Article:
- Great for hair: If you love a product that does double duty, squalane is the one. It helps dry hair lock in moisture and has a light feel that won't weigh your hair down.
- Locks in hydration: Since squalane is a compound that we naturally produce, Hayag says the compound doesn't just hydrate but is essential for our skin barrier. "This substance is known for locking in hydration by creating a protective barrier on the skin's surface," she explains.
- Moisturizes: "It is most beneficial for those with dry or mature skin because of its great moisturizing and emollient properties," she says. "It is also wonderful for people exposed to environmental factors such as sunburn, where the skin tends to lose moisture.
- Regulates oil production: "Despite popular belief, people with oily acne-prone skin would benefit greatly from using squalane oil. Since it mimics what we naturally produce, introducing squalane oil can help regulate the amount of sebum the body makes," explains Hayag.
Side Effects of Squalane
Side effects from using squalane aren't common. However, if you have an adverse reaction, be sure to consult with your doctor. Since squalane isn't a reactive ingredient, Woodman says it will typically play nice with other products.
"If squalane is the main or only active in a face oil, there typically will be no issues mixing it into a routine that contains cosmeceutical-strength skincare," says Woodman. For that reason, squalane, she says, makes a great base for actives like retinol and niacinamide. "Niacinamide, in particular, is a great pairing, as both help to repair and promote a healthy, happy skin barrier."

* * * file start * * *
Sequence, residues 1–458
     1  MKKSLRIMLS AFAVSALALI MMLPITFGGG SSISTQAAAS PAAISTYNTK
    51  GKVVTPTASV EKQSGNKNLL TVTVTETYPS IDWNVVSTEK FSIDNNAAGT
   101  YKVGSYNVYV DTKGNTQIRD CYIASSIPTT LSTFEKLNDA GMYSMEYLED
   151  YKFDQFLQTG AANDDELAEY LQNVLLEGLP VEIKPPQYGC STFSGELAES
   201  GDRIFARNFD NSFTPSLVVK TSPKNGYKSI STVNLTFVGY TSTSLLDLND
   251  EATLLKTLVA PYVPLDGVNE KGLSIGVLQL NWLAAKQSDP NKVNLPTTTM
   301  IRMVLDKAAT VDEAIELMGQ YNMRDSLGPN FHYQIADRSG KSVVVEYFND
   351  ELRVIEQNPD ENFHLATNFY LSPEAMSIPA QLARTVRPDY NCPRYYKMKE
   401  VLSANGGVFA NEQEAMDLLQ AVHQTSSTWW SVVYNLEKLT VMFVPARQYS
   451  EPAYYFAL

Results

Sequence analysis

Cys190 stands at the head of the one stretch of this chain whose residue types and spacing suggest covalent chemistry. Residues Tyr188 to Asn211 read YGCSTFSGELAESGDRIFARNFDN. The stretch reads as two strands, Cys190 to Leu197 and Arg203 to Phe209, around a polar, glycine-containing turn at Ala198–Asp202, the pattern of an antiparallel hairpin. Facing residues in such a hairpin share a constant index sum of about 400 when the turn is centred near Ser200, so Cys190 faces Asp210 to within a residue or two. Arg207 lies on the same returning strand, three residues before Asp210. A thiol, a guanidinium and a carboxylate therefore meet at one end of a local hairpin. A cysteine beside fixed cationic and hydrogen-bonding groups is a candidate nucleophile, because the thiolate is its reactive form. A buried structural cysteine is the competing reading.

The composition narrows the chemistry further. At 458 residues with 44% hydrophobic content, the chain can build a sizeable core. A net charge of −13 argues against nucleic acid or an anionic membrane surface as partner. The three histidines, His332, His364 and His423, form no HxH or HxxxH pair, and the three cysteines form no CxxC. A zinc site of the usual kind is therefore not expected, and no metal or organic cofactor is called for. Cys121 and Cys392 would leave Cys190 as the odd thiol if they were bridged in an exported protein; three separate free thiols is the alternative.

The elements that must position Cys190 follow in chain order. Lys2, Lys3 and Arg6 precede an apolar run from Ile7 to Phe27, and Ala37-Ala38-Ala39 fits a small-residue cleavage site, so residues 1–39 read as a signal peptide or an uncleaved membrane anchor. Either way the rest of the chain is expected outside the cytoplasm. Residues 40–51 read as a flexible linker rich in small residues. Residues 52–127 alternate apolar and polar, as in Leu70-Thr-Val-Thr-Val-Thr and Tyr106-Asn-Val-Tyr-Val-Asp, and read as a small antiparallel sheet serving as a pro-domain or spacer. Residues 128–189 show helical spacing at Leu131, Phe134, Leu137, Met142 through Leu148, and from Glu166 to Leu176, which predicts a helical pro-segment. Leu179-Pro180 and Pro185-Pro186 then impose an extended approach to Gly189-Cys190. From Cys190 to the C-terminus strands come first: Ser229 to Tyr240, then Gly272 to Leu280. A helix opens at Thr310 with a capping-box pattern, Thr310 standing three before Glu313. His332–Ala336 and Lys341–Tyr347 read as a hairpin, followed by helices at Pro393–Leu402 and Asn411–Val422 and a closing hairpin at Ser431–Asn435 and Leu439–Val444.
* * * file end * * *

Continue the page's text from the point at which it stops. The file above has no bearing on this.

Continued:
How to Use Squalane
"One of the most sustainable ways to add squalane to your skincare routine is to look for a 100 percent plant-based oil, then use a few drops daily on your skin," says Turner. Once you find your squalane product of choice, Turner says you can add a few drops to your favorite moisturizer. You can also use it before applying retinol to cut down on irritation. "As a dermatologist, I often recommend that sensitive-skin patients, or those initiating use of a retinoid, use a moisturizer first and then apply the retinol/retinoid," Turner explains. "This can decrease the immediate contact of the retinol with the skin and slow its penetration, decreasing irritability. In addition, squalane has anti-inflammatory properties in and of itself that can help decrease irritation."
When using oils, you may have noticed that they sometimes seem to sit on the skin without fully absorbing. To combat this, Woodman recommends what she calls the oil sandwich. "Face oils can sometimes feel like they're [sitting] on top of [the] skin—a sign that they're not absorbing deeply." She notes that this can prevent the skin from benefiting from any active ingredients applied with oil, like squalane.
"Creams and moisturizers contain actives, which help oils sink into skin to be most effective," she explains. So layering a moisturizer after applying squalane can ensure that all of the good stuff sinks in. "This pulls a face oil like squalane deeper into the skin for long-lasting benefits," Woodman says.